Undocumented Immigrants and Mental Health

Undocumented Immigrants and Mental Health

May is Mental Health Awareness Month. In this article, we highlight aspects of the mental health of immigrants based on a Stress & Trauma Toolkit for Treating Undocumented Immigrants in a Changing Political and Social Environment from the American Psychiatric Association.

Mental health risk factors
Immigrants experience trauma and stressors before, during, and after immigration. Undocumented immigrants often experience the following trauma at various stages of the migration process:
•Before: Financial issues, sense of failure, escape from violence, poverty, political oppression, threats or disasters
•During: Violence, environmental hazards, abandonment/separation, witnessing death
•After: Limited resources given their status, intra- and interpersonal conflict, stress from adjusting to their new environment, exploitation, fear of deportation

Treatment in school and the workplace
Research suggests that low-income, immigrant, and racial/ethnic minority children are disproportionately placed in low-ability groups early in their education, while adults experience discrimination and stigma in the workplace.

•Stigma: Undocumented immigrants are often subjected to stigma at work, in school, and by society.

Shifting family structures and dynamics
Undocumented immigrants have varying family situations and mixed-status families are common. Some individuals are in the U.S. alone; others have large families, and some have children who are citizens. This can create strained family situations, including varying levels of inclusion, exclusion, acculturation, and desires for assimilation among family members. These shifting and potentially disparate priorities often lead to increased intergenerational conflicts.

•Social isolation: Stigma often leads to social isolation and a decreased level of support in the community. Isolation can be a risk factor for mental health disorders.

Fear and distrust
•Distrust of the U.S. legal system: Studies show that undocumented immigrants have increased rates of fear and distrust of the U.S. legal system, causing decreased participation in civic life, including advocacy efforts. They also have a decreased likelihood of using the legal system even when they are victims of illegal activities. This distrust can extend to the health care system and act as a barrier to care. •Fear of deportation: Given the current political climate, undocumented immigrants live in widespread fear of deportation, which limits their use of health care and social services and prevents social integration.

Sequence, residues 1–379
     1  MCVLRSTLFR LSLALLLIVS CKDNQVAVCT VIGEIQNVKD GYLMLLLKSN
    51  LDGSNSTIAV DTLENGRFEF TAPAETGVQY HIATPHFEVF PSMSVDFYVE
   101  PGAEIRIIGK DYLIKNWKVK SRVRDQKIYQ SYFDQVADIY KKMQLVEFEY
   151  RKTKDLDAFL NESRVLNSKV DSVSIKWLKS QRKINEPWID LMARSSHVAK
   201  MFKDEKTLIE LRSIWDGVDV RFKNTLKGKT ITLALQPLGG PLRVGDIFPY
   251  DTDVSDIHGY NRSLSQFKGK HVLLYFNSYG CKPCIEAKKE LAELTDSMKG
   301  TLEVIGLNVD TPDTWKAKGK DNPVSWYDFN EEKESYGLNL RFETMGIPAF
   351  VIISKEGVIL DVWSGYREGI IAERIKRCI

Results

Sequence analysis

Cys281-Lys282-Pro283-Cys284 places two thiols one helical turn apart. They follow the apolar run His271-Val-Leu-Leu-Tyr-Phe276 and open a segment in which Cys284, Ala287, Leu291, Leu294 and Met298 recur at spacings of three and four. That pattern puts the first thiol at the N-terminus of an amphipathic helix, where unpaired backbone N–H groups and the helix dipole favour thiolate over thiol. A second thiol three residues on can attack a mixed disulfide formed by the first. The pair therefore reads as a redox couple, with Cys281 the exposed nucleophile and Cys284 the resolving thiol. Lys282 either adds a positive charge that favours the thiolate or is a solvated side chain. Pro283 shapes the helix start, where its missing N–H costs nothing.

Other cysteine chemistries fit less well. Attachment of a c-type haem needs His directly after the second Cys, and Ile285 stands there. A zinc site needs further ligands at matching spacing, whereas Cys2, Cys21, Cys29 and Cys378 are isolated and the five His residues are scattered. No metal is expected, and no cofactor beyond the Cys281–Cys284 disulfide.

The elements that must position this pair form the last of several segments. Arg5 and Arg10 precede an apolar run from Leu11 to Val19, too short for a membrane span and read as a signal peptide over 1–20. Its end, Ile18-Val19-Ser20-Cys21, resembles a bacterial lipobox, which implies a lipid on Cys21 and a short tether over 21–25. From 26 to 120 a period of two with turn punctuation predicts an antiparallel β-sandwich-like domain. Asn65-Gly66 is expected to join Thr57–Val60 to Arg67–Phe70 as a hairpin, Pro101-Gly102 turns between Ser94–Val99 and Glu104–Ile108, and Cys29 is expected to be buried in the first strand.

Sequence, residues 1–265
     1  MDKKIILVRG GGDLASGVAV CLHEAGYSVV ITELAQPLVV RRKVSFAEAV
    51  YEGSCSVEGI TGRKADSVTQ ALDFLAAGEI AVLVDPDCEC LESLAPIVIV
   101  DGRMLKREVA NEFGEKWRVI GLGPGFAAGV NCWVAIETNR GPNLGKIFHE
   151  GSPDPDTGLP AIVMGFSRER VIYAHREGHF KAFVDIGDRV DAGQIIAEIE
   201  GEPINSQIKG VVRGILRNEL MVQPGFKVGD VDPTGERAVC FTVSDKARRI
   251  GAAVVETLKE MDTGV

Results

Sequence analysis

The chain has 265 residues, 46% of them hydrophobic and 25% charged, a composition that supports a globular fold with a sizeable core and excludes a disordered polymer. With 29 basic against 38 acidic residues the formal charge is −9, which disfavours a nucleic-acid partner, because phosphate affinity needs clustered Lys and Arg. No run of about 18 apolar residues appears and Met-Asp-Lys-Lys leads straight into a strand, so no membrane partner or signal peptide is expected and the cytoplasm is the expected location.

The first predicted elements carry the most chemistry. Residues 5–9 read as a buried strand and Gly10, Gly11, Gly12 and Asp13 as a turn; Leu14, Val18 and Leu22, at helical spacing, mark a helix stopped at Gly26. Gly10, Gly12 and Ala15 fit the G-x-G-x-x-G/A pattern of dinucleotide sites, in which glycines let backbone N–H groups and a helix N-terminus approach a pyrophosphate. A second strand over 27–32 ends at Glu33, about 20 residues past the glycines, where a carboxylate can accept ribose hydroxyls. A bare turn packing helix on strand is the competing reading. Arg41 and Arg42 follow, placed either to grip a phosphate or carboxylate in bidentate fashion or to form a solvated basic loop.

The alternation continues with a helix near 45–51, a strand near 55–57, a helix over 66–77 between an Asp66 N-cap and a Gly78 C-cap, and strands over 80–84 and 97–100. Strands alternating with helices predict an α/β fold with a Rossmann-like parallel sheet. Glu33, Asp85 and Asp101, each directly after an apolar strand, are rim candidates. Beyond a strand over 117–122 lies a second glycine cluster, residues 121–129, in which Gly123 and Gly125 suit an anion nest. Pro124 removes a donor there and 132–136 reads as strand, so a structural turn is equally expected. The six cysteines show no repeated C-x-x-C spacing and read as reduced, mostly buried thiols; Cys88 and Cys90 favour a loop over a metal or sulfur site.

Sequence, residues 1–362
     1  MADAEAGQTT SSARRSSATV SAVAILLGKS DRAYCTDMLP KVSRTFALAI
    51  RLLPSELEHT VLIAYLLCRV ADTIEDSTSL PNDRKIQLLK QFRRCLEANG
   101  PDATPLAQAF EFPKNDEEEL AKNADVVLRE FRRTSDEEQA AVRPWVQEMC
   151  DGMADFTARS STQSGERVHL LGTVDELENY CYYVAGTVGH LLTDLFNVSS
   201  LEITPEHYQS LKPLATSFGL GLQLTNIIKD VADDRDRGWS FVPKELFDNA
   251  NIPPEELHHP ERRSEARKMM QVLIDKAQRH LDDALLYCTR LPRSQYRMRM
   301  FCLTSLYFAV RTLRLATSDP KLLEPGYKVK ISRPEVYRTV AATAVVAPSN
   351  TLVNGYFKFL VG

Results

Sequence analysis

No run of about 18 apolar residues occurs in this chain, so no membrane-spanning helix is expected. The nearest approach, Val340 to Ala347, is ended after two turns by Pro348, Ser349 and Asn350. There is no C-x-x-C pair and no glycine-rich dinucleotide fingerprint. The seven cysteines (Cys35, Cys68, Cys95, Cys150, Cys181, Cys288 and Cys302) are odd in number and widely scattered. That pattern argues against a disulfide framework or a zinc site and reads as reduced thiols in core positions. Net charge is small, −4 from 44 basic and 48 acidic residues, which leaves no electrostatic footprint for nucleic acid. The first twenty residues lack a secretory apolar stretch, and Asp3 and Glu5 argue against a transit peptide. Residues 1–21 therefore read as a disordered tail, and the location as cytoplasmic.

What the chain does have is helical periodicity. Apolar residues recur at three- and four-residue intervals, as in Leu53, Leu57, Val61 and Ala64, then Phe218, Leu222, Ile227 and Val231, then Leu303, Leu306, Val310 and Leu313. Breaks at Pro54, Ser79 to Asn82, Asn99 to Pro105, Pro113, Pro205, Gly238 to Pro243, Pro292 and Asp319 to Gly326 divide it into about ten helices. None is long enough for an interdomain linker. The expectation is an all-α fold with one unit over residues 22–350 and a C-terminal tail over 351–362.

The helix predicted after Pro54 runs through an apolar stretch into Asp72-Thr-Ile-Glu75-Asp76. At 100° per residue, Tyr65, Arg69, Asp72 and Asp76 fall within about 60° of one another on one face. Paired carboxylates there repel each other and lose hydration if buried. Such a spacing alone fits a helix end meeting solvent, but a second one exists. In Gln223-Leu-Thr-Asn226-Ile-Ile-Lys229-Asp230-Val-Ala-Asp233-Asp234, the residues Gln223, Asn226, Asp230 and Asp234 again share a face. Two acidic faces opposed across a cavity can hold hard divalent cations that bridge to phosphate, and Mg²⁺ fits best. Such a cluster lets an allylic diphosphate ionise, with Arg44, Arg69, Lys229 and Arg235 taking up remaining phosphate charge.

Higher overall risk for mental health issues for some undocumented immigrants:
•Undocumented immigrants who have had exposure to violent trauma are at high risk for depressive disorders, posttraumatic stress disorder (PTSD), and substance use disorders.
•Unaccompanied minors have a higher number of traumatic exposures on average than minors who migrate accompanied by family, which increases their risk for mental health problems like PTSD.
•Compared to U.S.-born Latinos, Latinos who are undocumented immigrants are more likely to have multiple psychosocial problems, including those related to employment, access to health care and the legal system. However, undocumented immigrant Latinos use fewer mental health services use than U.S.-born Latinos do.
•Immigration-related stressors can increase suicidal ideation and risk due to the distress associated with cultural stress, social marginalization and intergenerational conflicts in addition to PTSD and other psychological disorders.

Separation from family: Undocumented immigrants can be separated from family and children may be placed in foster homes or other custodial arrangements. Separation from family can be traumatic, especially for children, and can lead to mental health symptoms. In addition, studies have shown that young children entering foster families may avoid engaging with a new caregiver and, even if reunited with their parents, may respond to feelings of abandonment by rejecting them. This can create a self-perpetuating cycle that prevents nurturing and responsive care and ultimately exacerbate dysfunctional family dynamics.

Available support
Help is available regardless of your immigration status. NYC Well: If symptoms of stress become overwhelming for you, you can connect with trained counselors at NYC Well, a free and confidential mental health support service that can help New Yorkers cope. NYC Well staff are available 24 hours a day, seven days a week, and can provide brief counseling and referrals to care in over 200 languages. For support, call 888-NYCWELL (888-692-9355), text “WELL” to 65173 or chat online.

Leave a Reply

Your email address will not be published.